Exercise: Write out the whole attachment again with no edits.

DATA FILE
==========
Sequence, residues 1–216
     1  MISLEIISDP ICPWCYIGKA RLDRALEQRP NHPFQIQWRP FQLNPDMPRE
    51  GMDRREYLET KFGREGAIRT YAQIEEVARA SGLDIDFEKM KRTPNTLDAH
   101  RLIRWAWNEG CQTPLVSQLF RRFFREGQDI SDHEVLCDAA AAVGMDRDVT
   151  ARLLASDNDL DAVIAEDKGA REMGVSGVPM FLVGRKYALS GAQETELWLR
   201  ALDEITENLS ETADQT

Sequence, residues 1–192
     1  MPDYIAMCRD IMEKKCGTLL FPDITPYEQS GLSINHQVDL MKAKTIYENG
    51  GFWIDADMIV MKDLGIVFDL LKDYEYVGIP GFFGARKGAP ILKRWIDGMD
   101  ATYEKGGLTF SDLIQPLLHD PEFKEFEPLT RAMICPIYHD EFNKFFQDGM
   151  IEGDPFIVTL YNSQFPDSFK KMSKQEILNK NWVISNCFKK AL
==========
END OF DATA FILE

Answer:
Sequence, residues 1–216
     1  MISLEIISDP ICPWCYIGKA RLDRALEQRP NHPFQIQWRP FQLNPDMPRE
    51  GMDRREYLET KFGREGAIRT YAQIEEVARA SGLDIDFEKM KRTPNTLDAH
   101  RLIRWAWNEG CQTPLVSQLF RRFFREGQDI SDHEVLCDAA AAVGMDRDVT
   151  ARLLASDNDL DAVIAEDKGA REMGVSGVPM FLVGRKYALS GAQETELWLR
   201  ALDEITENLS ETADQT

Sequence, residues 1–192
     1  MPDYIAMCRD IMEKKCGTLL FPDITPYEQS GLSINHQVDL MKAKTIYENG
    51  GFWIDADMIV MKDLGIVFDL LKDYEYVGIP GFFGARKGAP ILKRWIDGMD
   101  ATYEKGGLTF SDLIQPLLHD PEFKEFEPLT RAMICPIYHD EFNKFFQDGM
   151  IEGDPFIVTL YNSQFPDSFK KMSKQEILNK NWVISNCFKK AL